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Lobby Lud: continued

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Secret London
Murder Ballads

Christie, who has been out-sold only by William Shakespeare and the Bible, had already published six of her 80 detective novels when she disappeared in December 1926. The first three of her Hercule Poirot novels were already on the shelves, including The Murder of Roger Ackroyd, then in the best-seller lists and still considered her masterpiece. She was known to suffer from depression, however, her mother had died earlier that year and, on the night of December 3, she quarreled with her husband Archie over the affair he'd admitted having with a woman called Nancy Neele. (3,4)
After the row, Archie left the couple's Berkshire home to spend the weekend with Neele in the next-door county of Surrey. Christie announced she was going for a drive, leaving a note saying she intended to visit Yorkshire. Next morning, her car was discovered abandoned a few miles away, with assorted clothing and documents scattered around inside. Surrey police received a letter from Christie - posted before her disappearance - saying that she feared for her life, and a missing persons hunt was launched.
The press went into overdrive at this point, speculating that the well-known crime author had been murdered, committed suicide or simply hit on an original publicity stunt. Her car, they pointed out, had been found within a quarter-mile of Silent Pool, a Surrey lake. Police had the lake dredged and recruited 15,000 volunteers to search the surrounding countryside. The faithless Archie quickly became a murder suspect, with the police tapping his phone and keeping a close eye on his movements.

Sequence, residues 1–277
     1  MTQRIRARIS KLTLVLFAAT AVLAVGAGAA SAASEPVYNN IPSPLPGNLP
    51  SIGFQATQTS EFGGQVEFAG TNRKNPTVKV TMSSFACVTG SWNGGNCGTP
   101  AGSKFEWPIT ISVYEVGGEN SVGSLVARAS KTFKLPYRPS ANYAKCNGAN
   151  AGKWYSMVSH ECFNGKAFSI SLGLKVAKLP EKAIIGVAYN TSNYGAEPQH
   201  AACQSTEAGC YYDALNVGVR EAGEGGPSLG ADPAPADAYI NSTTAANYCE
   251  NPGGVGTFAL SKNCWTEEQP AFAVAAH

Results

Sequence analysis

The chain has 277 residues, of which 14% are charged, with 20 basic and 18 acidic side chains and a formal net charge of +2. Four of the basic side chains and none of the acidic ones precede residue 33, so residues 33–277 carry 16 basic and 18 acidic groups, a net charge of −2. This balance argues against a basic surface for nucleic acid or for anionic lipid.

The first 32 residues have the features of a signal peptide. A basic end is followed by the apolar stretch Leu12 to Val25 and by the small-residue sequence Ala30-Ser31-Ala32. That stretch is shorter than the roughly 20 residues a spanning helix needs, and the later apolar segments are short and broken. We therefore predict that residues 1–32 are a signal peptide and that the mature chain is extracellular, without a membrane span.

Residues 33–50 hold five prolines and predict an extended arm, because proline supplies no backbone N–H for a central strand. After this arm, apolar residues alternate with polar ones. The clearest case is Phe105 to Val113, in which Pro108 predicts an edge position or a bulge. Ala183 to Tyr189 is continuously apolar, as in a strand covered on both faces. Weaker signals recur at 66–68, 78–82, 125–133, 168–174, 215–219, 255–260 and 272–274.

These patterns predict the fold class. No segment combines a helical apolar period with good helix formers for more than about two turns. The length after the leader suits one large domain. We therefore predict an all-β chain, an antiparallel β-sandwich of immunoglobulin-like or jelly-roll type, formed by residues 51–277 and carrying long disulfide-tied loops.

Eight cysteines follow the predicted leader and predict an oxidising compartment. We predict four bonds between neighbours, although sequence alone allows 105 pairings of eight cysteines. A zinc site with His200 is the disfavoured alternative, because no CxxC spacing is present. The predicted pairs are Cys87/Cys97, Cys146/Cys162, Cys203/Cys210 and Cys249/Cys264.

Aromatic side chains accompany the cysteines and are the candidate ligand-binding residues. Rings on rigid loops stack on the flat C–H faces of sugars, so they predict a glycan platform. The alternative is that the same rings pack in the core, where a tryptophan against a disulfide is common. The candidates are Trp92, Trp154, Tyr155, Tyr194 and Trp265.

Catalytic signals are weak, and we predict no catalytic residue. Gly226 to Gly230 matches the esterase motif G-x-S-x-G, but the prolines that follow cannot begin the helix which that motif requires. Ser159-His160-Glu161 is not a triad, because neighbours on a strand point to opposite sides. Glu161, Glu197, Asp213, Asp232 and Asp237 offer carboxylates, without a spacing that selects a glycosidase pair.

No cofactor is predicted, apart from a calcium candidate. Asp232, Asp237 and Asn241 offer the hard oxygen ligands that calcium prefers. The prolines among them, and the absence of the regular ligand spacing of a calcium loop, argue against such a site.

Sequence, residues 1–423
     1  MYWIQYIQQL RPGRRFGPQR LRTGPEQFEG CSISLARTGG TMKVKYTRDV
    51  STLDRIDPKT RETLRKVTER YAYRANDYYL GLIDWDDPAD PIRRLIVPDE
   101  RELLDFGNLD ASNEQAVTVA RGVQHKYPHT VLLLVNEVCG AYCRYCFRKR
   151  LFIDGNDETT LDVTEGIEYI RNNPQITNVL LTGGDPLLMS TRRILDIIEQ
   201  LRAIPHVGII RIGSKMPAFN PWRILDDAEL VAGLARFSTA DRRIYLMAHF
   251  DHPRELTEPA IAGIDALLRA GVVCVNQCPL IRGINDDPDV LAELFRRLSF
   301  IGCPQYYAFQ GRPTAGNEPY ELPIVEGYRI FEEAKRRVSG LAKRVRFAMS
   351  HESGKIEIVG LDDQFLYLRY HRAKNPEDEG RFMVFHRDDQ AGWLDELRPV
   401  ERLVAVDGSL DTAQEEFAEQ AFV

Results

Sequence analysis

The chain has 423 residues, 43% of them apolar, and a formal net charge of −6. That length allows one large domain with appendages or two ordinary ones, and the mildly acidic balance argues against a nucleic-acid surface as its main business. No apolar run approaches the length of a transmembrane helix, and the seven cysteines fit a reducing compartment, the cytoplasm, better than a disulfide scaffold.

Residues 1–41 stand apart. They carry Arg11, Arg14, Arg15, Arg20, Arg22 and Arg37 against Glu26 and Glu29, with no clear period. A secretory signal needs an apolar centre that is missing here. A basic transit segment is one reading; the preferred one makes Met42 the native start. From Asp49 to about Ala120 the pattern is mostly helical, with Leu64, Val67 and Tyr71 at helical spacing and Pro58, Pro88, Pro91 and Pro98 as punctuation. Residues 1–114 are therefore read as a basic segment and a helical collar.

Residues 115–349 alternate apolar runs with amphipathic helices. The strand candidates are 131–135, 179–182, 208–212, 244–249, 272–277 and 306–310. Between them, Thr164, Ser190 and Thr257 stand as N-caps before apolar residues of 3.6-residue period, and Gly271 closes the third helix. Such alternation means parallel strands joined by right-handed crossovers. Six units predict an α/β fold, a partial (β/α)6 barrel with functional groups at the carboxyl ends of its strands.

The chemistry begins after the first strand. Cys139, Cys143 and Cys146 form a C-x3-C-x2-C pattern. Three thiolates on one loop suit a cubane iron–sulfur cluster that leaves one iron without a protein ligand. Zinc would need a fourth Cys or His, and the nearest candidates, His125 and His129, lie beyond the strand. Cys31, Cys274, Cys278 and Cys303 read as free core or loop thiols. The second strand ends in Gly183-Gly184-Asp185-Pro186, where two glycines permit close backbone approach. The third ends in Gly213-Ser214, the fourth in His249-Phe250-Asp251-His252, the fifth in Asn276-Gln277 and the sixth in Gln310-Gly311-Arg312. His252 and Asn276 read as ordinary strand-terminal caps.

This went on for 11 days, at which point Christie was discovered at a Harrogate health spa, where she had signed in on December 4 under the name Teresa Neele. Her picture was appearing regularly in the newspapers throughout this period, and several of the spa's other residents claimed to recognise her there. But Christie always laughed off what she insisted was a purely co-incidental resemblance, and it was not until someone at the spa contacted police directly that the whole affair drew to a close. Archie was brought to Harrogate, where he confirmed Christie's true identity, and the family went into seclusion while all the fuss died down.
Eventually, they announced that Christie had been suffering from amnesia brought on by grief over her mother's death. Christie divorced Archie in 1928, and later married the archaeologist Max Mallowan. She never referred to the episode again. (5.6)

‘In order to provide holiday-makers with the thrill of a real hunt, Lobby Lud will similarly disappear’

Christie's disappearance was still a fresh memory when Lobby made his debut in July 1927, and it was her case which directly inspired his adventures. “For more than a week, while hundreds of police and volunteers were scouring the Surrey Downs for her body, she was leading a perfectly normal life in a big Harrogate Hydro,” the Gazette reminded its readers. “In order to provide holiday-makers with the amusement and thrill of a real missing-man-hunt, Mr Lobby Lud, the Westminster Gazette Missing Man, will similarly ‘disappear’.”
Lobby got off to a slow start at Great Yarmouth, reporting encounters there with a beach photographer, a lifeboat veteran, a mounted policeman and a coronet player on the bandstand. Several Gazette readers stopped to stare at him suspiciously as he passed, comparing his profile to the handbills the paper had already distributed around town, but none plucked up the nerve to challenge him. In his dispatch the following day, Lobby makes the most of every “narrow shave” and “lump in my throat” he could concoct, but the overall tone is of someone trying to make an unremarkable day sound more dramatic than it really was.